The Cremins lab investigates the epigenetic mechanisms regulating development and function of the mammalian central nervous system. We map and analyze neuronal epigenomes in three-dimensions using quantitative, genome-wide technologies. We also perturb epigenomes by employing state-of-the art genetic engineering strategies (e.g. CRISPR/Cas9, optoepigenetics). To test our hypotheses, we primarily use embryonic and induced pluripotent stem cell models of neuronal differentiation and disease. Our long-term goal is to discover how genome architecture controls genome function, applying this to study fundamental mechanisms controlling neuronal phenotype and, by extension, the onset and progression of neurodegenerative and neurodevelopmental disease states.

We welcome Patrick Paglia, a work-study student, to the lab. Welcome, Patrick!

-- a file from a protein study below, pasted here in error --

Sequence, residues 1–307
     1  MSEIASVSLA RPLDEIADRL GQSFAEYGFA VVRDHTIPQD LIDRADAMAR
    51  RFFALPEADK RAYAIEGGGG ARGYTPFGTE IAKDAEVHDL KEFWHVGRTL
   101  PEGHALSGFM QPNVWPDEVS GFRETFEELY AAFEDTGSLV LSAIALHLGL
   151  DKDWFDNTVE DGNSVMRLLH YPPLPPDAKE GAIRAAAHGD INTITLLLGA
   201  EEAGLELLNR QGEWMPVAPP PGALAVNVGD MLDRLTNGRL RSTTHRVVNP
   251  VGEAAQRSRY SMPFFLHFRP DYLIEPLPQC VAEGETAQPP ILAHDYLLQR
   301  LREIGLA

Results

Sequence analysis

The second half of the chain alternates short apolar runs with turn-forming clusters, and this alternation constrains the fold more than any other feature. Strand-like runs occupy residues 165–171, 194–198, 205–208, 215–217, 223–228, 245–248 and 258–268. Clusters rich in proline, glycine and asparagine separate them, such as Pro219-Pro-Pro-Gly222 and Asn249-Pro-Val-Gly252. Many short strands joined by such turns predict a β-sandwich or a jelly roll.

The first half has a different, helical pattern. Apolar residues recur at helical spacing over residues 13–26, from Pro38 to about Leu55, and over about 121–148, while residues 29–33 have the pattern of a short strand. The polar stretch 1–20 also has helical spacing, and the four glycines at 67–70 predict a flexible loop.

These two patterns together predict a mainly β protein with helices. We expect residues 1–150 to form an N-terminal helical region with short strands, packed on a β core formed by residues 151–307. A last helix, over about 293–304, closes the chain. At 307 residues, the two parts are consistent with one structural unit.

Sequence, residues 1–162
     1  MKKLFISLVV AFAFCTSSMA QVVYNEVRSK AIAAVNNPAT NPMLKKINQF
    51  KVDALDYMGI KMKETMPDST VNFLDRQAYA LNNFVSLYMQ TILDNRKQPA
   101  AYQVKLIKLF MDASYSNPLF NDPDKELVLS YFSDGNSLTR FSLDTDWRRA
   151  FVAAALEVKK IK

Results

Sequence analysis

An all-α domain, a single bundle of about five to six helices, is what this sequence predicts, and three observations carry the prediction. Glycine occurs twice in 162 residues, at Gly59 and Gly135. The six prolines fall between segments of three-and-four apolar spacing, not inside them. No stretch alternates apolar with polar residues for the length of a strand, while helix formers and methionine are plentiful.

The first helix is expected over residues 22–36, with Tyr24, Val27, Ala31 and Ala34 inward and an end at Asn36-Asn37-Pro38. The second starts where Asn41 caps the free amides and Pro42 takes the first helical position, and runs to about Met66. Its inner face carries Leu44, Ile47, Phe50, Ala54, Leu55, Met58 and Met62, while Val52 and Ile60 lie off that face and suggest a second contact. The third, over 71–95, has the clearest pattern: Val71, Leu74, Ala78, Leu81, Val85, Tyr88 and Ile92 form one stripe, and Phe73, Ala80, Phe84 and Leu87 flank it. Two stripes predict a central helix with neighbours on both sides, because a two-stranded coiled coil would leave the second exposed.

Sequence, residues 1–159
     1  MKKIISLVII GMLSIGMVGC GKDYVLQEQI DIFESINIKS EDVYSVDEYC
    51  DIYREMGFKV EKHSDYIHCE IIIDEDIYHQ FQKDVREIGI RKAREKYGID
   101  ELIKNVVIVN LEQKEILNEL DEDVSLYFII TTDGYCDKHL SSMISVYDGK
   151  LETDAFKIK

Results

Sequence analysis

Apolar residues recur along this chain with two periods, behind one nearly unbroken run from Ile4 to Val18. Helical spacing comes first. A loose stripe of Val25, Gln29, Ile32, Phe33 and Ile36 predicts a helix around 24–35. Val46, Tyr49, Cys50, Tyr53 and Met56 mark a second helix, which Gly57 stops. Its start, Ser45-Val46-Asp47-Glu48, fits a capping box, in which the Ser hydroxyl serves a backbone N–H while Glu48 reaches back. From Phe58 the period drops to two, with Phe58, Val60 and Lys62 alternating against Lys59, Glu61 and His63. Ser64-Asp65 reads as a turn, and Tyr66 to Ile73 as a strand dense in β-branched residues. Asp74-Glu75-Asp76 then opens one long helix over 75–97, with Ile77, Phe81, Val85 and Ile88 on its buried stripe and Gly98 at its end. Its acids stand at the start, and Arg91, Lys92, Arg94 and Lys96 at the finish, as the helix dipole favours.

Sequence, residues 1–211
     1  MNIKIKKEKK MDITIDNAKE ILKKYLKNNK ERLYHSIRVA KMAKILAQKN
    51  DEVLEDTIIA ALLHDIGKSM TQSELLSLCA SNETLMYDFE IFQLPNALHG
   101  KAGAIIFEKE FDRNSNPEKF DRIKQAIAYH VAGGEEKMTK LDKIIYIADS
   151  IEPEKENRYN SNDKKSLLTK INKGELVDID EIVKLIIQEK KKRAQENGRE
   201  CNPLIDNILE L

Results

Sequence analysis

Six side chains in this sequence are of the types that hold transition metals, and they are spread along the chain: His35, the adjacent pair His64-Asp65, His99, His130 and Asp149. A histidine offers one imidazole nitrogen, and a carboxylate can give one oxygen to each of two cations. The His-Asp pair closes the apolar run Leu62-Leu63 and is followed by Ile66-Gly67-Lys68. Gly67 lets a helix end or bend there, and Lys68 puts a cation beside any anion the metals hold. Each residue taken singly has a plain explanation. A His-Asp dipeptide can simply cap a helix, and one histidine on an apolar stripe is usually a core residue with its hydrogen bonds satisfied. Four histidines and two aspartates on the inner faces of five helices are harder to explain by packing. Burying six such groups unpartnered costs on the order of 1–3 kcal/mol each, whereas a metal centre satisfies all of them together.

We welcome Miriam Minsk, an undergraduate student, to the lab. Welcome, Miriam!

We welcome Chunmin Ge to the lab as a senior technician. Welcome, Chunmin!

We welcome Sean Louzon to the lab for his Fall 2018 rotation. Welcome, Sean!

Katelyn Titus is promoted to Senior Computational Research Specialist. Congratulations, Kate!

Jennifer presents the lab’s work at the University of Pittsburgh.



Our work is supported by the New York Stem Cell Foundation, the Alfred P. Sloan Foundation, the National Science Foundation, an NIH New Innovator Award through the National Institute of Mental Health and the NIH 4D Nucleome Common Fund Initiative.